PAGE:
Androgen Deprivation Therapy Use Among Intermediate Risk Prostate Cancer Patients Undergoing Radiation Therapy Across a Statewide Radiation Oncology Quality Consortium
International Journal of Radiation Oncology, Biology, Physics
Purpose/Objective(s): For men with intermediate (INT) risk prostate cancer, the addition of androgen deprivation therapy (ADT) reduces risk of PSA failure, distant metastasis, and cancer-related mortality. Moreover, the relative reduction in cancer-related adverse outcomes with ADT use appears consistent across all INT risk subgroups. The absolute benefit of ADT, however, varies by baseline risk. In contemporary practice, it is unknown which clinical factors are most strongly associated with intended ADT use. Therefore, we sought to identify such factors within the diverse practices of the Michigan Radiation Oncology Quality Consortium (MROQC). Materials/Methods: Patients with localized prostate cancer undergoing definitive radiation therapy were enrolled from 6/9/20 to 11/4/22 (n = 599). Standardized patient, physician, and physicist forms were used to collect baseline and follow-up information. Intended ADT use, defined by the treating physician, was prospectively collected and is the primary outcome of this analysis. Univariable (UVA) and multivariable analyses (MVA) associations with patient (age, race, comorbidities), tumor (T stage, Gleason, percent cores positive, and PSA), and practice-related (academic vs private) factors were performed. In addition, advanced modality testing (PET, MRI, and genomic classifiers) was available as of March 2021, and subgroup analysis were performed where appropriate. Results: A total 351 patients across 26 centers were enrolled with INT risk disease. ADT use was intended for 46% of men (n = 162/351) which differed by men with NCCN favorable INT (21%, n = 22/105) vs unfavorable INT risk disease (57%, n = 140/246), p<0.001. Sixty two percent (n = 100/ 162) had an intended ADT duration of 4-6 months and 21% (n = 34/162) had ≥12 months. Older age was associated with ADT use (70 vs 67, p < 0.01); there were no significant differences by race or comorbidities number. MVA showed Gleason 4+3 (OR 4.61 [2.91 − 7.42]) and > = 50% positive cores (2.56 [1.52 − 4.37]) were significantly associated with ADT use. No significant differences were noted based on practice setting. Pelvic MRI was obtained for 71% of men (n = 197/279), genomic classifiers in 47% (n = 130/279), and PET in 2% (n = 6/282). In the subset with MRI (n = 197), adverse features (ECE, SVI, or equivocal LNs) were associated with intended ADT use (OR 3.0 [1.4 - 7.1]) after adjustment for NCCN favorable/unfavorable INT risk classification. Conclusion: Within a state-wide consortium, intended ADT use for intermediate prostate cancer is most strongly associated with Gleason score, ≥50% positive cores, NCCN unfavorable intermediate risk classification, and adverse features on MRI. Nearly half of men had genomic classifier testing underscoring the importance ongoing trials such as NRG/GU 010.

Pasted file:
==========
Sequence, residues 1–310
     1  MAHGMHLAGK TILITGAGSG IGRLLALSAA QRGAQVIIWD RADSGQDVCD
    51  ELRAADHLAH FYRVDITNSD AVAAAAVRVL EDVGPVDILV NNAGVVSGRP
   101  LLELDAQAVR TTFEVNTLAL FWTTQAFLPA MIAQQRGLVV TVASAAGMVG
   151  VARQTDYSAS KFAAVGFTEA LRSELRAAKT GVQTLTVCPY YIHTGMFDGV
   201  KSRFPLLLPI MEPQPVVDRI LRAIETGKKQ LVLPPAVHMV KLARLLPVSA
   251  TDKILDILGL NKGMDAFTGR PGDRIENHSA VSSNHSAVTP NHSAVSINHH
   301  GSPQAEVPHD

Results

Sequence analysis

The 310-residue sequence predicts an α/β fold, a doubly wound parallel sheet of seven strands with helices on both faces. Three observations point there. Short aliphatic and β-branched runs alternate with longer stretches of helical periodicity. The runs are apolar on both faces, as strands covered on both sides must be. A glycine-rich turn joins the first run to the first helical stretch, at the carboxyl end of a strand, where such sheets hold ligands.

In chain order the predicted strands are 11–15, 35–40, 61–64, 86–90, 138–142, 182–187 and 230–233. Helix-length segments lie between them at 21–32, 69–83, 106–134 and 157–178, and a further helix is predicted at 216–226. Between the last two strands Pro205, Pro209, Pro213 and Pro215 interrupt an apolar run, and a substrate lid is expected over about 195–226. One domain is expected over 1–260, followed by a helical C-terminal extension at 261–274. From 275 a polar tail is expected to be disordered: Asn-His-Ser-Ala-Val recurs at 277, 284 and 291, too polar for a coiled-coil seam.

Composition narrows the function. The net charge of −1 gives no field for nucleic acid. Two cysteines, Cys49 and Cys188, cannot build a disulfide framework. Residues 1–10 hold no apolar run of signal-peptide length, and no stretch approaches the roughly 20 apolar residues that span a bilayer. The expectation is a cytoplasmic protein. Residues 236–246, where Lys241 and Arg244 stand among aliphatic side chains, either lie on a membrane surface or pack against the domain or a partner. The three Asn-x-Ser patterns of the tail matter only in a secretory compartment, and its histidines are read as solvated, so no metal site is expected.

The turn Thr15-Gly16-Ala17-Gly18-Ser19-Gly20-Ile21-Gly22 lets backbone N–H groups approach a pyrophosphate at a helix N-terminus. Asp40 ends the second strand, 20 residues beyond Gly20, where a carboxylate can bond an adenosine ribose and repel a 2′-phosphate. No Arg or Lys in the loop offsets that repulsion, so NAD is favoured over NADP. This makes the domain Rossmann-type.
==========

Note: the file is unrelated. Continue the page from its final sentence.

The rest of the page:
Dykstra MP, Regan SN, Yin H, McLaughlin PW, Boike TP, Bhatt AK, et al. Androgen deprivation therapy use among intermediate risk prostate cancer patients undergoing radiation therapy across a statewide radiation oncology quality consortium. Int J Radiat Oncol Biol Phys. 2023 Oct;117(2 Suppl.):e380-e381. doi:10.1016/j.ijrobp.2023.06.2491